Optical Coherence Tomography: Emerging technology for Optical Biopsy

Recent advancements in technology have been a boon for the medical field. They have been used effectively for in-depth analysis of organs and for identifying the cause of disease.

In the optometry field, researchers from the Nicolaus Copernicus University, Poland have developed a first-of-its-kind instrument, which provides an in-depth and detailed image of the entire eye. This instrument works on the principle of the wavelength of light, where the optical parameters of an electrically tunable lens (ETL) change when they come in contact with an electric current. The voltage of electric current in the instrument changes according to the part of the eye being examined. This innovative technology produces high-resolution images of every part of the eye, i.e. both the vitreous gel in the anterior chamber as well as the retina, producing much higher resolution images of the all segments of the eye than currently available technologies deliver. [1]

Optical coherence tomography i.e. OCT can achieve resolutions in the order of 1-10 μm at depths of 2- 3 mm, contrast provided by the index of refraction mismatch in tissue. The main component is the electrically tuneable lens which focuses the light to view the whole eye’s image. This lens is controlled by the electric current passing through it. [1]

“Diseases such as glaucoma affect both the front and back portions of the eye,” as mentioned by Ireneusz  Grulkowski, whose research team at Nicolaus Copernicus University, Poland collaborated with the Spain team of Pablo Artal at Univesidad de Murcia, to develop this advanced eye imaging technology. [1]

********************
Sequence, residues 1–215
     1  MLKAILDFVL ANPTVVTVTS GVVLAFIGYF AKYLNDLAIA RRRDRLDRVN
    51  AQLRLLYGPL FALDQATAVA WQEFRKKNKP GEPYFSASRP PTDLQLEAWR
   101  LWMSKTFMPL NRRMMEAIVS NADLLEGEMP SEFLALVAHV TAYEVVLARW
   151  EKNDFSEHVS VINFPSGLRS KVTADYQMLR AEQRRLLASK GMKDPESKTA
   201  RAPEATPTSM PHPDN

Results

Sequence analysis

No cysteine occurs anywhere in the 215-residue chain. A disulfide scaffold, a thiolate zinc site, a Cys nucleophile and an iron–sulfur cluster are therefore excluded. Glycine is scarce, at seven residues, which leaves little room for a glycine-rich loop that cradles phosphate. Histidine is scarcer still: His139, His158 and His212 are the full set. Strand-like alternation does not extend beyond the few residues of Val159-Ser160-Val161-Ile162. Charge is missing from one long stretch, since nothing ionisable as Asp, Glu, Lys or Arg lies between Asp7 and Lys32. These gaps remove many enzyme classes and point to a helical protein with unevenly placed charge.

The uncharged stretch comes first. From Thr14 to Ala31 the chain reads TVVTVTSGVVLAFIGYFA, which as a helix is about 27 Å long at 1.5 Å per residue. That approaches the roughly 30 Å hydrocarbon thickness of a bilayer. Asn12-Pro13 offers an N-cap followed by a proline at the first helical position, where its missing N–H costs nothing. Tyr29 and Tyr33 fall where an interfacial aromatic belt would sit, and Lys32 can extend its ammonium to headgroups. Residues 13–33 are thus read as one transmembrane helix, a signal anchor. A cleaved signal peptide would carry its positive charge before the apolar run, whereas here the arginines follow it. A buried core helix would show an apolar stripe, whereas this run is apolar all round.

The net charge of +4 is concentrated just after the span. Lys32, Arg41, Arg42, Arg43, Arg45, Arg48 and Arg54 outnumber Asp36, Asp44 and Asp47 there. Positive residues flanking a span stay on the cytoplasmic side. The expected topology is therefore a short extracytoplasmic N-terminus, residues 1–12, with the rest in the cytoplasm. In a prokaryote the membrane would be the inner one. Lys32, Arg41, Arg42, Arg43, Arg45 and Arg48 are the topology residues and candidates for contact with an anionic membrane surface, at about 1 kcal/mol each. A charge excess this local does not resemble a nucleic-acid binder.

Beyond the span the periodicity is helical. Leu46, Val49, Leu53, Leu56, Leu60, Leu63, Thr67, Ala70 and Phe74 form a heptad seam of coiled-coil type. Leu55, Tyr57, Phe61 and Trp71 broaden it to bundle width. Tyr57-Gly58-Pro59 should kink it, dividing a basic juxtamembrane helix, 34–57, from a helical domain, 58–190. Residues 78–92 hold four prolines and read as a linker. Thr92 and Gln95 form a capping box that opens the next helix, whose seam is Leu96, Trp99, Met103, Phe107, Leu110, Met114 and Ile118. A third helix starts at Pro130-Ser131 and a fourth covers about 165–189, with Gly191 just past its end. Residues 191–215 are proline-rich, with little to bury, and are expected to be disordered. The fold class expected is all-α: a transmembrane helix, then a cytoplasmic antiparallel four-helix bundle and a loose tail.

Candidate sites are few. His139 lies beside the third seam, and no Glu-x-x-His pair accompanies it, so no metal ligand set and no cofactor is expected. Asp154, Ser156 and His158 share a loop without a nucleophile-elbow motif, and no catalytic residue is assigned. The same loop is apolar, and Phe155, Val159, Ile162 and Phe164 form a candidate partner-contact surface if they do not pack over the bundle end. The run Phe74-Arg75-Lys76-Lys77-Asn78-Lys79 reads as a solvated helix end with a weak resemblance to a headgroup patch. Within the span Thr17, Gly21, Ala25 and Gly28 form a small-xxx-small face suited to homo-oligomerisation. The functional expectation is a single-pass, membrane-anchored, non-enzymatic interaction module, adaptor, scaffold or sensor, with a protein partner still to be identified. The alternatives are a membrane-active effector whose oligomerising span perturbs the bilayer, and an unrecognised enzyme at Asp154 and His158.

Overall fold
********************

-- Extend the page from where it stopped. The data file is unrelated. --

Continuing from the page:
In the study published in the journal Optica, researchers have proved that this new optical coherence tomography (OCT) imaging system can effectively display the image of interface of vitreous gel with the retina and with the lens too in tremendous detail. This characteristic of the instrument will allow scientists to develop a greater understanding of the relation between vitreous gel and retina and explore the reasons for retinal detachment with aging.[2]

This technology will drastically reduce the examination time of doctors and the patients, making them more comfortable as it will reduce the need to go through multiple instruments and tests for eye checkups. This is an all in one instrument which also cuts the cost of having multiple instruments in the ophthalmology clinic. [2]

Importance of OCT

Several features of this OCT are an important technology for biomedical imaging.

  1. The OCT will measure axial resolutions of 1 to 15 µm, one to two orders of magnitude. These mentioned resolution measurements are for histopathology, allowing architectural morphology and some cellular features to be resolved.
  2. Imaging can be performed in situ. It also allows better exposure by reducing the sampling errors associated with excision biopsy of an eye.
  3. Imaging can be performed in real time. This instrument allows eye pathology to be observed on screen and stored on a high-resolution videotape enabling real-time diagnosis. Combining this information with surgery can enable immense surgical precision for medical procedures.
  4. OCT is essentially an optical fiber based instrument that can be interfaced with an extensive range of instruments including catheters, endoscopes, laparoscopes, and surgical probes. [3]

The researchers hope to optimize the scan area and develop higher processing tools to automatically measure the dimensions of the eye as well in the coming times.

 References:

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